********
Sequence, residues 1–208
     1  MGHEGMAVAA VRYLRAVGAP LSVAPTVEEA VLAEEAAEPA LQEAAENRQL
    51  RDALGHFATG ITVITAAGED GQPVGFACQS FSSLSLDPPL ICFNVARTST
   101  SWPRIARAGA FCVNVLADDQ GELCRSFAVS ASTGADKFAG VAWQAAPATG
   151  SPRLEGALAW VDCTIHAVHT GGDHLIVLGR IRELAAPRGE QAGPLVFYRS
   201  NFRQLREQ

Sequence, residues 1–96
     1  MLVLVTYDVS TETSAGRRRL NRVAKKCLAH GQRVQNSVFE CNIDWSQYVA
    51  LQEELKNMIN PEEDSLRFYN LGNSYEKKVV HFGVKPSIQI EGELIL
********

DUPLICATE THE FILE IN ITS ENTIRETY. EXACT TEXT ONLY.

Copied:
Sequence, residues 1–208
     1  MGHEGMAVAA VRYLRAVGAP LSVAPTVEEA VLAEEAAEPA LQEAAENRQL
    51  RDALGHFATG ITVITAAGED GQPVGFACQS FSSLSLDPPL ICFNVARTST
   101  SWPRIARAGA FCVNVLADDQ GELCRSFAVS ASTGADKFAG VAWQAAPATG
   151  SPRLEGALAW VDCTIHAVHT GGDHLIVLGR IRELAAPRGE QAGPLVFYRS
   201  NFRQLREQ

Sequence, residues 1–96
     1  MLVLVTYDVS TETSAGRRRL NRVAKKCLAH GQRVQNSVFE CNIDWSQYVA
    51  LQEELKNMIN PEEDSLRFYN LGNSYEKKVV HFGVKPSIQI EGELIL